While this specific set of security issues doesn’t apply to all panic buttons, stories like these serve as an important reminder for companies currently using or contemplating purchasing panic button devices to double-check security features before purchase. After all, panic buttons' intent is to reinforce staff safety, not infringe upon it unintentionally. Hotel brands need to double down on staff safety and the protection of staff privacy.
With this in mind, TraknProtect’s best-in-class staff safety platform tracks the real-time position of all employees in the facility and triggers rules around them. This ensures that the location of employees can be hidden and only shared in emergencies when staff members request help. Employee safety at the touch of a button – without compromise. To learn more, click here.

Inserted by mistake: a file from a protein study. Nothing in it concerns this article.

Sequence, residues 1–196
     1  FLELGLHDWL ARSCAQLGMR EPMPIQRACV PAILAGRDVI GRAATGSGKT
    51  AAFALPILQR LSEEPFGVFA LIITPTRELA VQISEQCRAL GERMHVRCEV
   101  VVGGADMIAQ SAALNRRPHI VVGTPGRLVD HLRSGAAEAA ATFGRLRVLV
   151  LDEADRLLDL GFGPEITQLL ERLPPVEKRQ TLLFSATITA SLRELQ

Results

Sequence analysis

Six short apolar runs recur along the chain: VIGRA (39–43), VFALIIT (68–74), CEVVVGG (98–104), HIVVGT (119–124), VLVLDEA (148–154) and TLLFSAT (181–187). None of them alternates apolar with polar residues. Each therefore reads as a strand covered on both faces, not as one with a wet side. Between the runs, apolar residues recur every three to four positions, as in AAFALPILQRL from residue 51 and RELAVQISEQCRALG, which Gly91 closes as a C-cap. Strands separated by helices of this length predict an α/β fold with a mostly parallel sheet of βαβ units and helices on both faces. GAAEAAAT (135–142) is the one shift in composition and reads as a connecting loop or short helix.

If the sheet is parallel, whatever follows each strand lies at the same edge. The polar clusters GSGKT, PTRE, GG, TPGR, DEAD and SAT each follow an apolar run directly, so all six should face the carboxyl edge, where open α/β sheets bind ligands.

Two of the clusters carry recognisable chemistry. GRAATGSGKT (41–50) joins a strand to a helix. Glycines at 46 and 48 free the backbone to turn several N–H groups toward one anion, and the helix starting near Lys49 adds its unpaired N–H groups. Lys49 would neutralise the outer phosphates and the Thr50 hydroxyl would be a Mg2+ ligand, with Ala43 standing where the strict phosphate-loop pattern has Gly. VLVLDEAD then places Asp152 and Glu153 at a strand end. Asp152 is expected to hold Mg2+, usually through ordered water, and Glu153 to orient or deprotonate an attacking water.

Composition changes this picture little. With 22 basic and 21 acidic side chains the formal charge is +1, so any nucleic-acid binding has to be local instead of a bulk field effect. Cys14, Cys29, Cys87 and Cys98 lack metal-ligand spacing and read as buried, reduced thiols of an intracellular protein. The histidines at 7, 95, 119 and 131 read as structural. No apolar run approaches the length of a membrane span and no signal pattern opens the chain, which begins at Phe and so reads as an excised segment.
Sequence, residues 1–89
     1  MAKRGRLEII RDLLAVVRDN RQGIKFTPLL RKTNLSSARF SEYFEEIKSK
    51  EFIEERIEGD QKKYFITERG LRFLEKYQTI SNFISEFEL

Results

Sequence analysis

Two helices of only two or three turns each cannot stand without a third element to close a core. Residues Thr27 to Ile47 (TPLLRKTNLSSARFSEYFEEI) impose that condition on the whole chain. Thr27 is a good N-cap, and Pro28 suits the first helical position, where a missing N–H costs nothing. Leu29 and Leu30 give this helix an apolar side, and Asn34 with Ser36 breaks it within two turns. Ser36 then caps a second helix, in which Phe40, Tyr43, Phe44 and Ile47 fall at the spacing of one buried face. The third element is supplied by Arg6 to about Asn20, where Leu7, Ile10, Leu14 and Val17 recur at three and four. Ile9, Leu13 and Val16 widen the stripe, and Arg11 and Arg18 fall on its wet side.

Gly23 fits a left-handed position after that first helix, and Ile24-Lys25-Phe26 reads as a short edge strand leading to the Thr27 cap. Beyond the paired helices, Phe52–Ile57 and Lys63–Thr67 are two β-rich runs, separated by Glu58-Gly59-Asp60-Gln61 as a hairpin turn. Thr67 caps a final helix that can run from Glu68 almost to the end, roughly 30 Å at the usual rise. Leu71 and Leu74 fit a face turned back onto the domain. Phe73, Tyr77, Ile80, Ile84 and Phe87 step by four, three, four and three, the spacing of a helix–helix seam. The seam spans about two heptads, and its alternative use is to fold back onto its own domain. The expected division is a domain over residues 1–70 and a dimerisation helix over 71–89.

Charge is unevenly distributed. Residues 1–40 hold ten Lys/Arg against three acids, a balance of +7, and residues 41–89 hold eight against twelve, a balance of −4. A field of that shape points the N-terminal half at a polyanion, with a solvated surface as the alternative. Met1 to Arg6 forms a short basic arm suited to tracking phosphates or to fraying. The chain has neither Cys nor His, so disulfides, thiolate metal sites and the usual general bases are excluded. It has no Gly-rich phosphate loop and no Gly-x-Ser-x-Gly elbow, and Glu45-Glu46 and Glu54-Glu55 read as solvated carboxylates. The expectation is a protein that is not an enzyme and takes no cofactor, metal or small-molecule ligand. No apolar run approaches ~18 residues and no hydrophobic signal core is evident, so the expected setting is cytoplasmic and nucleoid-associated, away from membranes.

About TraknProtect | TraknProtect is a real-time location technology provider enabling hotels to harness the power of location data and integrate it into their safety and operations systems. TraknProtect provides enhanced safety devices (ESDs) for hotel employees through activation of a safety button integrated solution alerting security personnel to the location of employees in need of assistance. The platform provides additional access to real-time locations and data about hotel inventory, room service trays, and vendor activity on the property. The TraknProtect software platform is also enabling hotels to enhance guest satisfaction, increase employee efficiency, and improve employee safety by using TraknProtect data analytics to save significant capital costs and make smarter inventory purchasing decisions and improved management of outside vendors. For more information, please visit www.traknprotect.com and follow us on LinkedIn.